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iPad security notes

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After a great week-end with a friend's iPhone, I have tried out my bigger and brand new iPad expecting a proportional success, doing a security assessment.

First of all, I thought about jailbreaking the new IOS 4.2.1. So I can use other repositories to install Displayout Cydia package and record the iPad screen using a component av cable and a Hauppauge PVR. But this would lead me further the mainstream, so I prefer to keep the stock configuration avoiding extra noise/traffic.

It's a great tablet device, thin, light and pretty. Doesn't do much but it does nicely. One of the main features of this device is the most dangerous, the wireless adapter. No matter how new the gadgets are, the protocol vulnerabilities remain the same. Anyhow, there is a big surprise, while scanning WiFi networks doesn't differentiate between adhoc and infrastructure connections. So, you really don't know if you are connecting to your company wireless network or to my personal computer with the same SSID, scary uh!?

Many people uses the open WiFi spots in airports, public rooms, city squares... to log in their favorite websites and download their emails trusting in those connections. In every conference I suggest to use only wired connections, but in this case, you have no choice. Yeah you can use 3G too, I will talk about this another time (direct Internet access and non filtered ports is a bad and old combination).

I set up an adhoc connection to simulate this scenario and sniff passively my own iPad traffic. Looking at the huge dump I found the common plain protocols such:

- Http basic auth (base64 encoded) and pop3:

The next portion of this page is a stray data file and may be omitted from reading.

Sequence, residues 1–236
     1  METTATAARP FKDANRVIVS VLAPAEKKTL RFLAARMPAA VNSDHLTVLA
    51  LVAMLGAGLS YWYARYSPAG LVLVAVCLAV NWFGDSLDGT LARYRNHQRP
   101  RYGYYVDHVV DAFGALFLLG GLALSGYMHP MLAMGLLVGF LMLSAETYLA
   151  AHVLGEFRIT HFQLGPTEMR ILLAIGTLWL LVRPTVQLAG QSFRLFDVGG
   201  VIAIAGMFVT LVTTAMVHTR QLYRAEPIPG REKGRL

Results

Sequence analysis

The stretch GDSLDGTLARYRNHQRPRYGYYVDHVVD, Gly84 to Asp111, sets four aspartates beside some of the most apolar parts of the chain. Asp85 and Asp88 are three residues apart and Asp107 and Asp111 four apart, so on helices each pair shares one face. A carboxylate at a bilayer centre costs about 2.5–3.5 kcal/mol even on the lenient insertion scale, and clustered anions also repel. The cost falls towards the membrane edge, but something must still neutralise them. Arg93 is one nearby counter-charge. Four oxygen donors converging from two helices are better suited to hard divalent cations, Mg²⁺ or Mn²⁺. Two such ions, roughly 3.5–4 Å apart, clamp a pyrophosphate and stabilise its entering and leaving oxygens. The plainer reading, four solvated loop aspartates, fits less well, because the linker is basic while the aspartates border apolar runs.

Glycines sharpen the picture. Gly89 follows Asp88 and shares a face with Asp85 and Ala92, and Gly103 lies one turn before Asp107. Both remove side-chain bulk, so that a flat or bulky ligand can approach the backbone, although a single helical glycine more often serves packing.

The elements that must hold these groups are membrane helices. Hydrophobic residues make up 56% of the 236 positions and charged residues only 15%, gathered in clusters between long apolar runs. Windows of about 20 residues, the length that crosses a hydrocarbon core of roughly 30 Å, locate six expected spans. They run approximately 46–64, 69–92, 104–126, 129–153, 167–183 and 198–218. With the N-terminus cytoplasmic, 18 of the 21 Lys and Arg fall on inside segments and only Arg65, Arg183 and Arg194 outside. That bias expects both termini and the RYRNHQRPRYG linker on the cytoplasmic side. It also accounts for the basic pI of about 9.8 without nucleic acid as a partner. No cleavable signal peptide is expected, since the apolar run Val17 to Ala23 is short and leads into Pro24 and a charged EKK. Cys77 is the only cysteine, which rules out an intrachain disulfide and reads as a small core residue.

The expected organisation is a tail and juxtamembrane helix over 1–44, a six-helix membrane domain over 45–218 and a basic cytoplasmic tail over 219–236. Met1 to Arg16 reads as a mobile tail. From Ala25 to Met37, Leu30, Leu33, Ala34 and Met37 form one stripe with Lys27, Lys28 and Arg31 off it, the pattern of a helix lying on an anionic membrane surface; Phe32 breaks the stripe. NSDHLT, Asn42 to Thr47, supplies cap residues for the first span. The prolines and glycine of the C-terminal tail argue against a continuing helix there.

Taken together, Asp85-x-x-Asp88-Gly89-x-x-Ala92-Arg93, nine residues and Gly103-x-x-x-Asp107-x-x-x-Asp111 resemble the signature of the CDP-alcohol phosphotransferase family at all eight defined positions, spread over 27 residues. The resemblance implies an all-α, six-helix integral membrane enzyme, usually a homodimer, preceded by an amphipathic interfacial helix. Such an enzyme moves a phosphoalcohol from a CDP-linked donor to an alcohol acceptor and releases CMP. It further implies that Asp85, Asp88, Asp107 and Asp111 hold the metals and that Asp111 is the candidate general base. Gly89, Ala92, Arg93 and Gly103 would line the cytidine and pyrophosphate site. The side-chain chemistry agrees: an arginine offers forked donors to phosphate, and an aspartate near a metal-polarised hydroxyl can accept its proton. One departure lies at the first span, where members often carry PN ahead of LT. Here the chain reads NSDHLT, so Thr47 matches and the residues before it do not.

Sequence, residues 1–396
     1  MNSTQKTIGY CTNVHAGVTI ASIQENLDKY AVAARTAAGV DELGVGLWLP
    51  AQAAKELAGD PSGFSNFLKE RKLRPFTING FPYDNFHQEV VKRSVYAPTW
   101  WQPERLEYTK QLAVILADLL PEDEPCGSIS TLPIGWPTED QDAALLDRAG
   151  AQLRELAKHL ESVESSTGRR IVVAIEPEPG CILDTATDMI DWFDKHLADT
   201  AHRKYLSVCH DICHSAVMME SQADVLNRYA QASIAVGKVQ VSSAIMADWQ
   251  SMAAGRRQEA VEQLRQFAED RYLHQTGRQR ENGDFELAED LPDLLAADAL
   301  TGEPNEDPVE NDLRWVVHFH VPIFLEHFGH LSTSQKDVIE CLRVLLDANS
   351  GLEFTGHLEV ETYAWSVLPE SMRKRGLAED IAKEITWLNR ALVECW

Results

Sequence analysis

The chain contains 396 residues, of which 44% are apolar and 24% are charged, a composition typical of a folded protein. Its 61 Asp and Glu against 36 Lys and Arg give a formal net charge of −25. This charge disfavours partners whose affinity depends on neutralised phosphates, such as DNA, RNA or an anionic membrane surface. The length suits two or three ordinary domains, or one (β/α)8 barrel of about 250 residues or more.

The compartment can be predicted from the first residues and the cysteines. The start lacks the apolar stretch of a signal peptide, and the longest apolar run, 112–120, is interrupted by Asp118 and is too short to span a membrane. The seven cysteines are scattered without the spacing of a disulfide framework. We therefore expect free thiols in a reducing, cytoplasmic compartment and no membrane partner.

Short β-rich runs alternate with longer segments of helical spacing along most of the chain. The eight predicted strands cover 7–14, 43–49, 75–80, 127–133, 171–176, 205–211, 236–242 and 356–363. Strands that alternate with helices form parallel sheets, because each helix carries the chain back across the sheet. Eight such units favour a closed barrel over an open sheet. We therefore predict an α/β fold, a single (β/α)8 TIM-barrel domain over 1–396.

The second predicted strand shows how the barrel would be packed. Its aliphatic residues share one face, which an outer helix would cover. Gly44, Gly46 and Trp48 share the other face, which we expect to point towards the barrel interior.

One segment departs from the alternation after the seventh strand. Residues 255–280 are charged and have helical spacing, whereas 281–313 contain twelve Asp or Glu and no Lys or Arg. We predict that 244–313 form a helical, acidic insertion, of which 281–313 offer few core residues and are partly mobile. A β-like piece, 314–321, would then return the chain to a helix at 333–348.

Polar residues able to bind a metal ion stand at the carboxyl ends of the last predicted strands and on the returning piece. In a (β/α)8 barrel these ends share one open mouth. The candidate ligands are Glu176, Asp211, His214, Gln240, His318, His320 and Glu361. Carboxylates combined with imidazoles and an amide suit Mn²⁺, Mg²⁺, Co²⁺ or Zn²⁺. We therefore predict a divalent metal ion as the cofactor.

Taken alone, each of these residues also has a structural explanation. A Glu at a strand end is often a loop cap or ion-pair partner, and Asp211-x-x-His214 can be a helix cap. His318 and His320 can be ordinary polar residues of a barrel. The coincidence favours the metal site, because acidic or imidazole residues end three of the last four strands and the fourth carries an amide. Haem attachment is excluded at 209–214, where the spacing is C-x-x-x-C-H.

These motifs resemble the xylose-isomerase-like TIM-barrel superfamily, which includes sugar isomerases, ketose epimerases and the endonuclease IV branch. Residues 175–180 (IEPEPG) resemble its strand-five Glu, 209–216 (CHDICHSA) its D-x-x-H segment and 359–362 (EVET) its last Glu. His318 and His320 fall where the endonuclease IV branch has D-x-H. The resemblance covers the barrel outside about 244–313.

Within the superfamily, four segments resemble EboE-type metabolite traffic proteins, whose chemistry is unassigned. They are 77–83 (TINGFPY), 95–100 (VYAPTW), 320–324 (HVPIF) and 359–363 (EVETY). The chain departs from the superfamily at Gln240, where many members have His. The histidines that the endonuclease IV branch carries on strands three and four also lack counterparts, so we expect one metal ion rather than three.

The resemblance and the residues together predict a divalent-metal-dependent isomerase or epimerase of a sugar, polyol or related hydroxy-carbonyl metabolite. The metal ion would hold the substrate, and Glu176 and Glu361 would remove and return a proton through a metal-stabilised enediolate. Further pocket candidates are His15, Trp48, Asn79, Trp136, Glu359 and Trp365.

- And performed some cookie-hijacking easily to login in to websites without knowing the username and password credentials (Facebook and Twitter).

In the other hand, there is a good TLSv1 implementation in the AppStore authentication and personal IM.

From what's been found out so far, nothing not expected. But, with new IOS anyone with an iPad, iPhone 4, new iPod touch (4th generation) can locate a misplaced iPad, iPhone, or iPod touch on a map. You can also have your device play a sound and display a message to help someone return it to you, or you can remotely lock its screen or wipe all of its data to protect your privacy.

Every new service catches my attention because may need to be checked. So I cannot wait longer... The authentication process is done using ssl but, :-), the google image transfer is done directly from the google servers. So, using passive sniffing is possible to follow the tcp data streams to assemble the images and track any device of the iPad owner, usually his/her wife/husband. Cool, isn't it?

Your email, forums user, facebook account are easy targets. Would like to say that Gmail is safe, but as we demonstrated in our first security conference, is not (phishing with dns spoofing, removing the ssl certificate while actively sniffing, ...). Maybe you think that I am able to do those tests because I am a security professional, but do you really feel better?

Think twice if you are a hot spot/iPad user. Many people tries to gather information through fake access points. We are many, but few will put boundaries to protect your privacy.

Happy surfing!

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